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We also operate a multimedia entertainment e-commerce web site offering a broad selection of books, software, video games, movies on DVD and Blu-Ray, music, trends, comics, sports & recreation and electronics. We fill orders for new and used product placed at the website and also through Amazon and eBay Marketplaces using our proprietary goShip program, which allows us to ship directly from stores or the distribution center. We have one wholly-owned subsidiary, Hastings Internet, Inc.

References herein to fiscal years are to the twelve-month periods that end in January of each following calendar year. For example, the twelve-month period ending January 31, 2014 is referred to as fiscal 2013.

Critical Accounting Estimates

The preparation of the financial statements in conformity with accounting principles generally accepted in the United States requires management to make estimates and assumptions that affect the reported amounts of assets and liabilities and disclosure of contingent liabilities at the date of the financial statements and the reported amounts of revenues and expenses during the reporting period. Actual results could differ from those estimates. We believe the following critical accounting estimates comprise our more significant estimates and assumptions used in the preparation of our financial statements. Our significant estimates and assumptions are reviewed, and any required adjustments are recorded, on a monthly or quarterly basis.

Lower of Cost or Market for Merchandise Inventory. Our merchandise inventories are recorded at the lower of cost, which approximates the first-in, first-out ("FIFO") method, or market. Inventory costing requires certain significant estimates and judgments involving the allocation of costs and vendor allowances. These practices affect ending inventories at cost, as well as the resulting gross margins and inventory turnover ratios. As with any retailer, economic conditions, cyclical customer demand and changes in purchasing or distribution can also affect the carrying value of inventory. As circumstances warrant, we record the lower of cost or market inventory adjustments. In some instances, these adjustments can have a material effect on the financial results of an annual or interim period. In order to determine such adjustments, we evaluate the age, inventory turns and estimated market value and returnability of merchandise inventory by product category and record an adjustment if estimated market value is below cost.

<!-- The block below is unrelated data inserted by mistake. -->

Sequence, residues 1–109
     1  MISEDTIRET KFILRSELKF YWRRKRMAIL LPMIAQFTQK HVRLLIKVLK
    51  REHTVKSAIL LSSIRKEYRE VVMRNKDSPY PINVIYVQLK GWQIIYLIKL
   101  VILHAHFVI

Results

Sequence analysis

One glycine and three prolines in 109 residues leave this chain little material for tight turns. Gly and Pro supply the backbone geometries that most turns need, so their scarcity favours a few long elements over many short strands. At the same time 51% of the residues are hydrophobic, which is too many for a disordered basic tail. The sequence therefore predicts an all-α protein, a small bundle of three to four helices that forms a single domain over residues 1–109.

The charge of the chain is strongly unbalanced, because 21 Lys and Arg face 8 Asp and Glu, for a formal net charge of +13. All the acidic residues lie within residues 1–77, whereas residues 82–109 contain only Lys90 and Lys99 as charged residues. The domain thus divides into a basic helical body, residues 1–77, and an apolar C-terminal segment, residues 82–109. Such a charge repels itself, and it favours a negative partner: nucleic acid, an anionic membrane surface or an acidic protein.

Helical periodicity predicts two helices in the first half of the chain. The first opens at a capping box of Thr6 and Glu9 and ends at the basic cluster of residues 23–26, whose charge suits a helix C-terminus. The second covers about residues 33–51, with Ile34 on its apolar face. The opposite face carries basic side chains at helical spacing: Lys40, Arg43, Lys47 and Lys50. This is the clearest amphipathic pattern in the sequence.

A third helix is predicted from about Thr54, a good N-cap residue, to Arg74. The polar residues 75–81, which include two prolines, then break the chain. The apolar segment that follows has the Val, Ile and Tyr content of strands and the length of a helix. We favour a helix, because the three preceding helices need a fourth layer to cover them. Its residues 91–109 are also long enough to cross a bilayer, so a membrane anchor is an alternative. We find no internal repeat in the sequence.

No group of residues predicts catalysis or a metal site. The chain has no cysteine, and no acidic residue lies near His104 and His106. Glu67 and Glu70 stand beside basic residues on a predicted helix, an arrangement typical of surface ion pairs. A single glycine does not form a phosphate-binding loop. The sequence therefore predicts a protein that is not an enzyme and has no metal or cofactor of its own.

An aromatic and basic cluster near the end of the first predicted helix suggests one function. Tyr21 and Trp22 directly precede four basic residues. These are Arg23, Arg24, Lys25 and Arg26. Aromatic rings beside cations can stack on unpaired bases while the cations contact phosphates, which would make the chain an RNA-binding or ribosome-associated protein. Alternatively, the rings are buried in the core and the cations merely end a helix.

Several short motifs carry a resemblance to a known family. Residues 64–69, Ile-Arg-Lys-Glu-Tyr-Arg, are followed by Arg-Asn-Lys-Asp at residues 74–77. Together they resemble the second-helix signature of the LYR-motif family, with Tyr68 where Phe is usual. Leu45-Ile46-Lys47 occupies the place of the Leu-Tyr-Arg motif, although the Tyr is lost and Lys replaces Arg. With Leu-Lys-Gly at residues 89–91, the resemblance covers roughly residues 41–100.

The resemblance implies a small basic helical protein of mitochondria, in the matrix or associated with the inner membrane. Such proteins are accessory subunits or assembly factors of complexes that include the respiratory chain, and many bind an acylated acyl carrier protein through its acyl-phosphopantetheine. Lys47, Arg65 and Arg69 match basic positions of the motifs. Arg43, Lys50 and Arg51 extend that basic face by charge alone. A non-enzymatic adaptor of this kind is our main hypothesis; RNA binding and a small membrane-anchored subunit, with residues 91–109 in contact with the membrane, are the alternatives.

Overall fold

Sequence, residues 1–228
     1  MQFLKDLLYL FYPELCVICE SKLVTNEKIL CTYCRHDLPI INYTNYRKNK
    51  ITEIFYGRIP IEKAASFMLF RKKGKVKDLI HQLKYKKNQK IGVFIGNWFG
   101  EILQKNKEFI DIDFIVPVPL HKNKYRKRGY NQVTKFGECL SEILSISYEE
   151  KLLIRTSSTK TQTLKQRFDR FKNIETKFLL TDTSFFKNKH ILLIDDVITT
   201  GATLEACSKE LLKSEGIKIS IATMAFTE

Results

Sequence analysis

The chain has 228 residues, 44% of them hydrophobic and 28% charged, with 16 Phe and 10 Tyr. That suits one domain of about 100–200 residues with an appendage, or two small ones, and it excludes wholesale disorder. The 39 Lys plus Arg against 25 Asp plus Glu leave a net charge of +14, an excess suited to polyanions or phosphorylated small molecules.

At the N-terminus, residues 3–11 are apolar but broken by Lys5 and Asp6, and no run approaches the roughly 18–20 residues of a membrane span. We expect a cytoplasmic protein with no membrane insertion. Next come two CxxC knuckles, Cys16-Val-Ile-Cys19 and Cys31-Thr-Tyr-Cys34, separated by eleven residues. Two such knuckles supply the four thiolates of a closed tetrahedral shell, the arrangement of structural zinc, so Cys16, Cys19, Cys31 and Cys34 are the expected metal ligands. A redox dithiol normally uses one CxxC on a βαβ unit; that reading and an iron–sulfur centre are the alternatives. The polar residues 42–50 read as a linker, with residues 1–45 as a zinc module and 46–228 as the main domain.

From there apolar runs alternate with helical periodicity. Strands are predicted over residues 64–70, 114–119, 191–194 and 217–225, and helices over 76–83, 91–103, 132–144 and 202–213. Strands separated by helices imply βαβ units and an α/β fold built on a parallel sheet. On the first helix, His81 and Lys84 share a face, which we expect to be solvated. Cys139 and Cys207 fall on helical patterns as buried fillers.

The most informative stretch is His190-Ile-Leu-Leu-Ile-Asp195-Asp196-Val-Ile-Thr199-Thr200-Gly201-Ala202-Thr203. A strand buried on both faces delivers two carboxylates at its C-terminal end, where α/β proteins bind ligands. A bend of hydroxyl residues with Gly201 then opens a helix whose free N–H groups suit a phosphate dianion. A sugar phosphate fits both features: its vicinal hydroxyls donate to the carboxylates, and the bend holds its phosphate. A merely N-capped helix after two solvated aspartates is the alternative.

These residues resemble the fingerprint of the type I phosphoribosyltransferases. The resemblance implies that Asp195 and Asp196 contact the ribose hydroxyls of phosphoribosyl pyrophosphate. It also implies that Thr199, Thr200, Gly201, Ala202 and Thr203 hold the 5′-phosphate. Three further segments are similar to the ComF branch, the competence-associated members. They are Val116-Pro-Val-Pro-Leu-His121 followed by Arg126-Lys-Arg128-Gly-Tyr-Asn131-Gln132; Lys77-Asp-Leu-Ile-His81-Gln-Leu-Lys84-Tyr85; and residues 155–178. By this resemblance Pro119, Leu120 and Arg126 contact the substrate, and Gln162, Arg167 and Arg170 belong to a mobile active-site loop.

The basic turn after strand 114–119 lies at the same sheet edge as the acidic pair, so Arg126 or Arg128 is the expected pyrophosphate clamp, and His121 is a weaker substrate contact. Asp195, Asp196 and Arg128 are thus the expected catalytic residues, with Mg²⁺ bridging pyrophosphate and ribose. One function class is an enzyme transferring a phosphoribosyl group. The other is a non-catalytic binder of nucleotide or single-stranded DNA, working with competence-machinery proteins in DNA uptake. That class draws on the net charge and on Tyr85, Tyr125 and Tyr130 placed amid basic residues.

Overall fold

Rental Asset Depreciation. We have established rental asset depreciation policies that match rental product costs with the related revenues. These policies require that we make significant estimates, based upon our experience, as to the ultimate amount and timing of revenue to be generated from our rental product. We utilize an accelerated method of depreciation because it approximates the pattern of demand for the product, which is higher when the product is initially released by the studios for rental and declines over time. In establishing salvage values for our rental product, we consider the sales prices and sales volume of our previously rented product and other used product.

We currently depreciate the cost of our rental assets on an accelerated basis over six months or nine months, except for rental assets purchased for the initial stock of a new store, which are depreciated on a straight-line basis over 36 months. Rental assets, which include DVDs, Blu-rays and Video Games, are depreciated to salvage values ranging from $4 to $15. Rental assets purchased for less than established salvage values are not depreciated.

We also review the carrying value of our rental assets to ensure that estimated future cash flows exceed the carrying value. We periodically record adjustments to the value of previously rented product primarily for estimated obsolescence or excess product based upon changes in our original assumptions about future demand and market conditions. If future demand or actual market conditions are less favorable than our original estimates, additional adjustments, including adjustments to useful lives or salvage values, may be required. We continually evaluate the estimates surrounding the useful lives and salvage values used in depreciating our rental assets. Changes to these estimates resulting from changes in consumer demand, changes in customer preferences or the price or availability of retail products may materially impact the carrying value of our rental assets and our rental margins.